Cape Town: A two-year transformation under collision king Richie Gray has turned South Africa into the most ferocious breakdown competitors in Test rugby, Wallabies forwards coach Andrew Blades has warned.
Already circled in red on Australia’s Test calendar as the “biggest physical challenge of the year”, the Wallabies have had to rewrite the guide book to the Springboks in the lead up to their Rugby Championship clash against South Africa at Newlands Stadium this weekend.
Where once an Australian team could expect a back row dependent on size and brute force, the influence of Scottish breakdown guru Gray has made them a different beast.
“It really presents a lot more problems and it’s a big change they’ve made in their game, how much pressure they put on at the breakdown,” Blades said.
“It’s probably the biggest change they’ve made in the last two years. I think they got 10 turnovers against the All Blacks around that area of the game, so it’s a big focus now when you’re playing them.”
In fact, the Springboks turned the ball over 11 times on defence in Wellington 10 days ago. A 14-10 scoreline in the All Blacks’ favour says the work over the ball of Francois Louw, Marcell Coetzee and Duane Vermeulen alone was not enough, but it has given the Wallabies plenty of homework this week as they try to break a 22-year drought in Cape Town.
“Traditionally you would always say South Africa played with big back rows, so you would run them around and generally stretch yourselves and get a little isolated with the ball,” Blades said.
“When you’ve had success against them in the past, it’s been around those sorts of things, and the change of profile has created a major rethink about the way you play them.”
A neck injury to Louw means the openside breakaway will miss at least six weeks of rugby, removing one headache from the equation, but Gray’s influence means the Wallabies will have to deal with onballers all over the park this weekend.
“Coetzee is still there and Vermeulen’s getting better and better … and both their hookers are very good on the ball at the breakdown,” Blades said, adding that winger Bryan Habana and centre Jan Serfontein were also developing reputations for their work over the ball.
“They’ve had Richie Gray there working intensively at that area and they see that. I think they identified it as a major area they could improve to get a point of difference.”
Blades said the downside of the newfound-upside was “living on the edge” of the penalty count.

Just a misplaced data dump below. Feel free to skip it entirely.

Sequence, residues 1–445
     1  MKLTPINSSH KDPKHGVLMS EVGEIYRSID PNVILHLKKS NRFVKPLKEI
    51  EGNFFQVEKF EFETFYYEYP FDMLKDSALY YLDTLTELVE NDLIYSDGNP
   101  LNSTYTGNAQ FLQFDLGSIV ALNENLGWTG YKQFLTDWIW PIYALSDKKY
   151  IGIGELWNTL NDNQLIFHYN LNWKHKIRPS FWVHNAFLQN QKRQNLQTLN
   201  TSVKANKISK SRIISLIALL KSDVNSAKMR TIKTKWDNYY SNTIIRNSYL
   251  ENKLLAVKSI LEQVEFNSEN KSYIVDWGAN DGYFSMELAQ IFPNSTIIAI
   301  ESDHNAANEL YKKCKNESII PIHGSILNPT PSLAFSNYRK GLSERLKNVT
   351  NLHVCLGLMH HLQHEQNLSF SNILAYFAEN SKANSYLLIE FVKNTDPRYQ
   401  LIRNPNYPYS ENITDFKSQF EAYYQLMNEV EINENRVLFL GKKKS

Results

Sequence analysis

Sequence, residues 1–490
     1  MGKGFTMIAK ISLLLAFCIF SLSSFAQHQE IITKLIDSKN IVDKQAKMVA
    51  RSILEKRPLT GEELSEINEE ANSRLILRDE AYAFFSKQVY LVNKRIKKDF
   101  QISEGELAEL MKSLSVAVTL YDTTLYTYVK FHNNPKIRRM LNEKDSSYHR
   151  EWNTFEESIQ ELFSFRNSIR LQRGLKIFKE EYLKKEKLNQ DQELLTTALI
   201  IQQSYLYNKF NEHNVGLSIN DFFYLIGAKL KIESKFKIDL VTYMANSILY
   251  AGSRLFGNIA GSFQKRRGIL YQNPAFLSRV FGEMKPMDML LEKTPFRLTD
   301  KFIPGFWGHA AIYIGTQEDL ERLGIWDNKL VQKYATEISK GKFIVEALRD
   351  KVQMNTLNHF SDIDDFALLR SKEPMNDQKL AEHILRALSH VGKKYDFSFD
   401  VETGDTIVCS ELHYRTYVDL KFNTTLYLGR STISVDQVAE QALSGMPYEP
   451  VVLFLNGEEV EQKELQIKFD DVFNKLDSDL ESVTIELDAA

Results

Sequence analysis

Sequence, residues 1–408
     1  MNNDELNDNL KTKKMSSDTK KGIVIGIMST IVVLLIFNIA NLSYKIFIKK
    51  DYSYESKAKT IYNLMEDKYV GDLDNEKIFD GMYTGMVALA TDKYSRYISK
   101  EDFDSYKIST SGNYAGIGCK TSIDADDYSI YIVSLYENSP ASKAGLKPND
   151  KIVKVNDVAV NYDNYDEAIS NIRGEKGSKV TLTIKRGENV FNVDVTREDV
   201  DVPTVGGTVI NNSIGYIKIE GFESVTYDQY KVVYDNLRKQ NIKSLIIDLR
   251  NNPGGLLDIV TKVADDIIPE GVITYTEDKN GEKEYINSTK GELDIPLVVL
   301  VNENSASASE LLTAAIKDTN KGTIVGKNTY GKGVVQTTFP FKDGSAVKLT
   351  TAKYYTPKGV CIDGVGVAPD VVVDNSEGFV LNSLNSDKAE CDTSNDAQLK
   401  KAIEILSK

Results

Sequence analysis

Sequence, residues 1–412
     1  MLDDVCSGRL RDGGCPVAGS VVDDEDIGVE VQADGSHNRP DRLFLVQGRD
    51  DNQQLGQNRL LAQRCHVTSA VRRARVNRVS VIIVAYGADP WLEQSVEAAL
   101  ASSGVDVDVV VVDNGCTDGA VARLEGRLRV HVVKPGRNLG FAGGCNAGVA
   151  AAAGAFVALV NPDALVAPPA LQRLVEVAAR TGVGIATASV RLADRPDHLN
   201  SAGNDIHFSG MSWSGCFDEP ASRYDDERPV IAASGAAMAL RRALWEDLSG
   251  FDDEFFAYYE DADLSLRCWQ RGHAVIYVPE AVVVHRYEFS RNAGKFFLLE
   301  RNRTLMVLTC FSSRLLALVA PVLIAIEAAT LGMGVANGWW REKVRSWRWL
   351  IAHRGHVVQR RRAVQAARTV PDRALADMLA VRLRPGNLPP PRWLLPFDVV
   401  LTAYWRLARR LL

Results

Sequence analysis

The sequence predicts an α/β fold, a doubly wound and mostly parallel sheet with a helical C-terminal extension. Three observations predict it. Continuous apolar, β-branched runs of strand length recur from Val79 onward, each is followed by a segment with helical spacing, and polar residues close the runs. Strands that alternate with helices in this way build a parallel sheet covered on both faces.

“When you’re doing that you’re living on the edge often, so you often give away a lot of penalties for not releasing the tackled player,” he said.
“And when you really go hard at the ball, often you can get penalised heavily as well, and I guess that’s one of the weaknesses from that point of view. Also when you’re all going hard on the ball you can overcommit in rucks and leave the next defensive line short.”
The Springboks, meanwhile, heaped praise on the Wallabies’ scrum, calling it “tricky” but effective.
“We get that from a lot of teams,” Blades said. “If Australia has success in the scrum it must be because they’re doing something illegal. That’s just a standard thing we get most weeks, so everyone just gets on with it.”
The last time the Wallabies won at Newlands Stadium was in 1992, a Test in which Ewen McKenzie was the starting tight-head prop and Blades was on the bench.
After two convincing wins against Australia last year, the Springboks appear confident about their chances of extending the Cape Town drought to a 23rd year.
“The thing everyone knows when you play South Africa is it’s always going to be your biggest physical challenge of the year, so you always have your head around that,” Blades said, adding the Wallabies wanted to be more multidimensional in attack.
“They’re a team that spreads their defence across the field, and one of the things we’re trying to improve as a team is seeing what’s in front of us.
“There have been times this year when teams, because they know we want to run the ball, have used 14 players in the front line.
“We’re trying to get better at reading those situations better, working out the balance of when to run and when to kick; and even when we run, where the weaknesses are.”
This story Administrator ready to work first appeared on Nanjing Night Net.